‘”White Lives Matter Burnley!” The “White Working Class” and racialised resentment in the M62 Corridor region’

22 October 2020, 5.00 PM - 22 October 2020, 6.30 PM

Paul Thomas

Zoom: https://www.eventbrite.co.uk/e/centre-for-ethnicity-and-citizenship-seminar-series-paul-thomas-tickets-124661603211

This presentation presents analysis from the recent book, Race, Space and Place in Northern England: The (M62) corridor of Uncertainty (with Shamim Miah and Pete Sanderson, Palgrave 2020). It draws on empirical research data from the M62 Corridor region of the North of England to directly and critically engage with the claims that there is now a ‘White Working Class’ that understands both its own identity and its economic and political marginalisation in explicitly racialised terms. Here, sections of the region’s majority White communities appear to feel that they are a marginalised, second-class status group. The presentation will critically discuss the internal and external factors involved in such shifting community identifications, and feelings of ‘unfairness’. This will include the extent to which local and national policies have reflected or indeed led such shifts in identifications, and the relational nature of these identifications and the perceptions and experiences driving them. It also discusses the political manifestations of this ‘White Working Class’ in the region.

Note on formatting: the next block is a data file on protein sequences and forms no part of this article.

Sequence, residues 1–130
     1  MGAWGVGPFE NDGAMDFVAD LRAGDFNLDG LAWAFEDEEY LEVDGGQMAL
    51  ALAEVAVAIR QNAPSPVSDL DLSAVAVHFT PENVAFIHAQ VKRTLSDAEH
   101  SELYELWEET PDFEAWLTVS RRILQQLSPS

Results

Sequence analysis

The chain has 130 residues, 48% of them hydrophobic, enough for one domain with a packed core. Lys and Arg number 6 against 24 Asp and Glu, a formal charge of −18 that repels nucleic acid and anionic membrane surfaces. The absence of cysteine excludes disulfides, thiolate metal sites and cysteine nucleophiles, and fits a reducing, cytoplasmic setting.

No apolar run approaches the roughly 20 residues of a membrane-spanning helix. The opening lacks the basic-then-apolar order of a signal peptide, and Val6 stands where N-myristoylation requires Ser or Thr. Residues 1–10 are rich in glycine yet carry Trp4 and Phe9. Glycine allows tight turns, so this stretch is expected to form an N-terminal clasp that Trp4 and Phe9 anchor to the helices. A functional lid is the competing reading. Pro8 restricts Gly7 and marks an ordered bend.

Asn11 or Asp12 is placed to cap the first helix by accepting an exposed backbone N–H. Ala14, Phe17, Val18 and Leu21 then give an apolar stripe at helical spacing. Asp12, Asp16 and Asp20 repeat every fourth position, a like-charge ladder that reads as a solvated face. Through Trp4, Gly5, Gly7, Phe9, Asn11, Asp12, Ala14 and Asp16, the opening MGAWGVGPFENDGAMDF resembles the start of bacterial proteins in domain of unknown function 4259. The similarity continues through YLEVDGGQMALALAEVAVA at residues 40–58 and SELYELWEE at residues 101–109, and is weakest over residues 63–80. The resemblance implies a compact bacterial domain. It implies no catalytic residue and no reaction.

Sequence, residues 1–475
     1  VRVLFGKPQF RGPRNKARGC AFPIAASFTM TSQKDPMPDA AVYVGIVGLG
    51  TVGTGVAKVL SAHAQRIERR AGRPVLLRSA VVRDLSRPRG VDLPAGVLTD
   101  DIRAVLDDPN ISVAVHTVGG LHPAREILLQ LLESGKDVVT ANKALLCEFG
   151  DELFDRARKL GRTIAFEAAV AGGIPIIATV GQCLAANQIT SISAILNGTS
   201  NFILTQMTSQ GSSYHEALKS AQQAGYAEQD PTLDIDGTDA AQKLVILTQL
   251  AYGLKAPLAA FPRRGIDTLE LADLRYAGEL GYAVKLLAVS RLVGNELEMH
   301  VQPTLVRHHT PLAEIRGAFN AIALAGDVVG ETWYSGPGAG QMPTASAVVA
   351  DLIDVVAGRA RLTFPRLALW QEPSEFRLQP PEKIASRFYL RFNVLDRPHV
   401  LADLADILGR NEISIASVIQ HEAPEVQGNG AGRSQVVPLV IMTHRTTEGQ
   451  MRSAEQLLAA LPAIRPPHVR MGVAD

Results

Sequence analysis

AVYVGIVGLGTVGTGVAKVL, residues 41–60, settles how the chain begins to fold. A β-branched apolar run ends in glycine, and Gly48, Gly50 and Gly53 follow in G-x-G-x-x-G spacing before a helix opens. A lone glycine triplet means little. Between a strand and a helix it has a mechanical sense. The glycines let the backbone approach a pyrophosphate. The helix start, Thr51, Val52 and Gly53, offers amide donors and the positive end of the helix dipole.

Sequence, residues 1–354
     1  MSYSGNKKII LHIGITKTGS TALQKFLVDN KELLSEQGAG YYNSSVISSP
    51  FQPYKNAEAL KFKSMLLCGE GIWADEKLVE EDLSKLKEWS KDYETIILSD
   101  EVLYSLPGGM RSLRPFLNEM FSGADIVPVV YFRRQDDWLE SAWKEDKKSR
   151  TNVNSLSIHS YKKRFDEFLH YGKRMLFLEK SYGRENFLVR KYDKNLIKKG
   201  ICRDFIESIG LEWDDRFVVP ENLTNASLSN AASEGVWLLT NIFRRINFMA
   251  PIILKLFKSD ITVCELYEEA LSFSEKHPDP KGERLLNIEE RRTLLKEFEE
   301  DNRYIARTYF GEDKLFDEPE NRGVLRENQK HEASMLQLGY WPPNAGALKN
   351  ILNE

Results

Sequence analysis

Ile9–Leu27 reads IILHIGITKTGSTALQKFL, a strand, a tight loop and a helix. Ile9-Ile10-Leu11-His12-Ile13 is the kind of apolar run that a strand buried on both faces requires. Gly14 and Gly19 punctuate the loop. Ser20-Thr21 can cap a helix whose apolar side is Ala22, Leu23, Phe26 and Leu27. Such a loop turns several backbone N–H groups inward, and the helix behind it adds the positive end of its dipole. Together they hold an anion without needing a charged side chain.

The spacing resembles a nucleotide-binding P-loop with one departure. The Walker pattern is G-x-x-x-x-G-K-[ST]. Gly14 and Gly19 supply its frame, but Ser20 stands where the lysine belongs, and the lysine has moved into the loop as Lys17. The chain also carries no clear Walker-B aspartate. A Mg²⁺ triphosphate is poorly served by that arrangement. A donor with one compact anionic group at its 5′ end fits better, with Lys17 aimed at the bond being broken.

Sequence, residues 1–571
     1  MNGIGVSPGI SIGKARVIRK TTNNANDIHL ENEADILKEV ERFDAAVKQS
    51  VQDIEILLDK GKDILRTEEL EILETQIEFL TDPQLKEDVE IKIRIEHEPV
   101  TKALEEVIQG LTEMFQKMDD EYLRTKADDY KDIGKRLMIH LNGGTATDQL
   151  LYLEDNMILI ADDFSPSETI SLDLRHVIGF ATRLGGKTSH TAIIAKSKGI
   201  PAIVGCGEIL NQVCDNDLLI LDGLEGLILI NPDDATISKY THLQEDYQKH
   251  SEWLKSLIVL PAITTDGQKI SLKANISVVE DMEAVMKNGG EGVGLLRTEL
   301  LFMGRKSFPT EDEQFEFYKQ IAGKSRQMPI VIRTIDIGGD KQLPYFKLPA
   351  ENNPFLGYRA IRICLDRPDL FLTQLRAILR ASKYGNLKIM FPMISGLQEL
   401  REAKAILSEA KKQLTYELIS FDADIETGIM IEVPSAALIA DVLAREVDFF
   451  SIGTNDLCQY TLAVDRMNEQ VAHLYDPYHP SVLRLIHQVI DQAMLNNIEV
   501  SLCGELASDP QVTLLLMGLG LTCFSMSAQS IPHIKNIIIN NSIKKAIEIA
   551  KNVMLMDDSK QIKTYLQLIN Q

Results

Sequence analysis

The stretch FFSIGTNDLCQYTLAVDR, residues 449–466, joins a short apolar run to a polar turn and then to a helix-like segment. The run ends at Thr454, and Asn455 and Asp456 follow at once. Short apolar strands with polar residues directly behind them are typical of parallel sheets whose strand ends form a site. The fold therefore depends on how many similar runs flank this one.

Paul Thomas is Professor of Youth and Policy and Associate Dean (Research) in the School of Education at the University of Huddersfield, UK. Paul’s research focusses on how multiculturalist policies such as Community Cohesion and the Prevent counter-terrorism strategy have been understood and implemented by ground-level policy-makers and practitioners, particularly educationalists such as youth workers, community workers and teachers, and experienced by communities. It has led to books such as, Youth, Multiculturalism and Community Cohesion (Palgrave, 2011) and Responding to the Threat of Violent Extremism: Failing to Prevent (Bloomsbury, 2012), as well as articles in many leading journals. Paul is a qualified Youth and Community Worker, and previously worked for the Commission for Racial Equality in the North of England.  

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